There were still four whole days until the island's more commonplace winter celebrations, but the Vimes family was already gathered in the rec room amidst a small pile of gifts to celebrate their own personal holiday. Having grown up on Tabula Rasa, Young Sam had come to expect not to usual one day of presents, but two - on Hogswatch eve, whenever it fell by the island calendar, and on Christmas day, when the rest of his friends received their presents. Like so many other oddities on the island, this particular strangeness seemed perfectly natural: there was the Hogfather and Father Christmas, flying reindeer and flying pigs, Christmas trees and Hogswatch bushes.
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As tends to be the case for most parents, the elder Sam Vimes appreciated the nostalgia of the holiday more than the trappings. Once, he had hated Hogswatch - it had been nothing more than one endlessly dreary night, and though he hadn't believed the damned legend in decades, he had always half expected that the sun wouldn't rise come morning. Now he sipped warm cider and watched as his son picked up each package, shook it, and guessed at its contents. Had he been half this big a year ago? Vimes was almost sure he hadn't.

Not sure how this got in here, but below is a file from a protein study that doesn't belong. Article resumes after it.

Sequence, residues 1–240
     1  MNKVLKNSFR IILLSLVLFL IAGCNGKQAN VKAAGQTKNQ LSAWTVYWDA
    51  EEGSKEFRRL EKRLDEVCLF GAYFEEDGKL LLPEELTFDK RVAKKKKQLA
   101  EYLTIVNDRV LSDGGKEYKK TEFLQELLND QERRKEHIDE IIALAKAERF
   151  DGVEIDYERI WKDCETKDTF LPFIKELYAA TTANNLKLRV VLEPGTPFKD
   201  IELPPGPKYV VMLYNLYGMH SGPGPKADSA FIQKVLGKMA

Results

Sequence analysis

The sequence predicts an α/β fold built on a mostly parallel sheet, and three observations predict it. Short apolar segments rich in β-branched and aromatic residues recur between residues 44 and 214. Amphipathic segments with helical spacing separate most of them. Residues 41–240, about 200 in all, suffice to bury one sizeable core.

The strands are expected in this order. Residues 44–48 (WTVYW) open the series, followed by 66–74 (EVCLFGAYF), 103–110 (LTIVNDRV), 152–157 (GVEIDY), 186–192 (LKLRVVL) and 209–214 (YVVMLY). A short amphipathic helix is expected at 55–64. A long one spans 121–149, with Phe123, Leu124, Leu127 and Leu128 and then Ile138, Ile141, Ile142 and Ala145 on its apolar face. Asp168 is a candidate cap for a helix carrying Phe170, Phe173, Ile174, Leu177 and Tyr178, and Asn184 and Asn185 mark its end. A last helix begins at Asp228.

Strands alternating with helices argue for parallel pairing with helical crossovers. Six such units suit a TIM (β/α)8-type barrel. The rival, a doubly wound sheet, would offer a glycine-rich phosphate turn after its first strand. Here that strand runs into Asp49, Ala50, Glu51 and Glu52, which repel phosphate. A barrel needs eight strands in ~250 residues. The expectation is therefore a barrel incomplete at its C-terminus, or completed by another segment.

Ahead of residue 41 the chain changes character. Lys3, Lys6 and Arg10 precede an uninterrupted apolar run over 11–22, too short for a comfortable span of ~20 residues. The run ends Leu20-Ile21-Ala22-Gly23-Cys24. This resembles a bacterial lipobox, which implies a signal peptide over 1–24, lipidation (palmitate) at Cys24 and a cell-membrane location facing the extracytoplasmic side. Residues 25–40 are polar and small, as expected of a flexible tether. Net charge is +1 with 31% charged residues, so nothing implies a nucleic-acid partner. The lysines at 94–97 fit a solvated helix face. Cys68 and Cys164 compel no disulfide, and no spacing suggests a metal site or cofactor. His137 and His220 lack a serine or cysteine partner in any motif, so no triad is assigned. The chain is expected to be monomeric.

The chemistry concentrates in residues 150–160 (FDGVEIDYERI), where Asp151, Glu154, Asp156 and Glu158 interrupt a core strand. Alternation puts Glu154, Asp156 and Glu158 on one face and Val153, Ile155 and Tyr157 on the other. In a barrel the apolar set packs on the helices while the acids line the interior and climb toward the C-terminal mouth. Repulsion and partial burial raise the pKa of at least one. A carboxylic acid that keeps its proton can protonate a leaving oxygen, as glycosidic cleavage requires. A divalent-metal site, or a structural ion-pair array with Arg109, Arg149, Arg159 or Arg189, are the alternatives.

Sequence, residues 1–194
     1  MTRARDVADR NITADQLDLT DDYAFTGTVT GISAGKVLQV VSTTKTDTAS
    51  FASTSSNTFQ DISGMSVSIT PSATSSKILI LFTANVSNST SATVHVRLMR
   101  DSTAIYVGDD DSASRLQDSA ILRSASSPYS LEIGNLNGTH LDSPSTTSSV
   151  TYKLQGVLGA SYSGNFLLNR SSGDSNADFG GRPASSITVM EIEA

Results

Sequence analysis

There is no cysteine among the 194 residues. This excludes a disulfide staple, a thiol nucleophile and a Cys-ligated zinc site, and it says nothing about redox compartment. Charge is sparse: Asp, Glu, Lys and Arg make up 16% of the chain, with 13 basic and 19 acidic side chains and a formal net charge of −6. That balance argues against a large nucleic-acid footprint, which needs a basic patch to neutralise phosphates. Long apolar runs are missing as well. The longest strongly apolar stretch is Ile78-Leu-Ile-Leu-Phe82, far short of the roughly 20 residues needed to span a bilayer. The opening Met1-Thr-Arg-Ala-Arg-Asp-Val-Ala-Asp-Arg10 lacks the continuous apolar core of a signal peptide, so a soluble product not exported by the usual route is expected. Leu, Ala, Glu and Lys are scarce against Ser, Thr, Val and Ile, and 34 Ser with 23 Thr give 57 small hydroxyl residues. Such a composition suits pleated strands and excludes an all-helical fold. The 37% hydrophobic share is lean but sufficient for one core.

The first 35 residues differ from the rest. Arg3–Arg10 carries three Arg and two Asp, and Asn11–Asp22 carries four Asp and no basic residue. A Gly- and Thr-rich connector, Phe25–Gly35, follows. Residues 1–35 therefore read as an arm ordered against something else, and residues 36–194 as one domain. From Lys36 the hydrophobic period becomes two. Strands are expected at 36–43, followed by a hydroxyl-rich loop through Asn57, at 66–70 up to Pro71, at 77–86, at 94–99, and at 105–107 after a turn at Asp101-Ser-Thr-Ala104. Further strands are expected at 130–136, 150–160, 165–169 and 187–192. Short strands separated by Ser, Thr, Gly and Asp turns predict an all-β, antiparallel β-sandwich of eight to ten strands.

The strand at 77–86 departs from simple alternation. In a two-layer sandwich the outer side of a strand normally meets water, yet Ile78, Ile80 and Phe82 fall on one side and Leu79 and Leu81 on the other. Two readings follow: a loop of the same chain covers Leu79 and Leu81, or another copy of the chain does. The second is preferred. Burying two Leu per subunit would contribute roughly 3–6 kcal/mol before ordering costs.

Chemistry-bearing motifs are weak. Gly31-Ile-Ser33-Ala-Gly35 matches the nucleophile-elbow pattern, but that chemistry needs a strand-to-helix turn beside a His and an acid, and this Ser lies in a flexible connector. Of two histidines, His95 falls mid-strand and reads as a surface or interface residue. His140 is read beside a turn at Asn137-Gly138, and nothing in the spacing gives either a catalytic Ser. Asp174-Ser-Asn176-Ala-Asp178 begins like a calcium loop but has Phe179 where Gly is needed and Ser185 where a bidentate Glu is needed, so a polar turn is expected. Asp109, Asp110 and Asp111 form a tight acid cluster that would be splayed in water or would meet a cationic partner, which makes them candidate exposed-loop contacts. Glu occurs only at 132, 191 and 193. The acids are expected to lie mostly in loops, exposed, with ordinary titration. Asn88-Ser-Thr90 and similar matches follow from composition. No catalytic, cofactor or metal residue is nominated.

Gods, but he was getting old. They were all getting old.
( Plot planing FTW!Collapse )
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Vimes always hated it when the island went magic on them, but this one was one of the worst. Personalities swapped, people unreliable, the usually kind natured turned dangerous. He had told what members of the IPD he could find to keep an eye out, but so many of them were changed that he did not expect it to do much good. There was nothing to do but wait it out and hope for the best.
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Figuring it would be a good idea to be easily found if some kind of bloody-minded emergency did occur, Vimes decided to spend the day in the IPD office. At least the Times (or should he say the Inquirer) was good for a laugh. He had his feet propped on the desk and had it open to the center fold, where he was reading diligently about this serious problem of masked men running about. Children criminals are commonly seen in literature, and it is also certain that the island, being so literary based, shall be similarly afflicted. Thus, we can clearly see that the superheroes are in fact super-criminal masterminds, intending to woo children with their awesome martial arts and 'groovy moves' only to then have them steal YOUR precious belongings.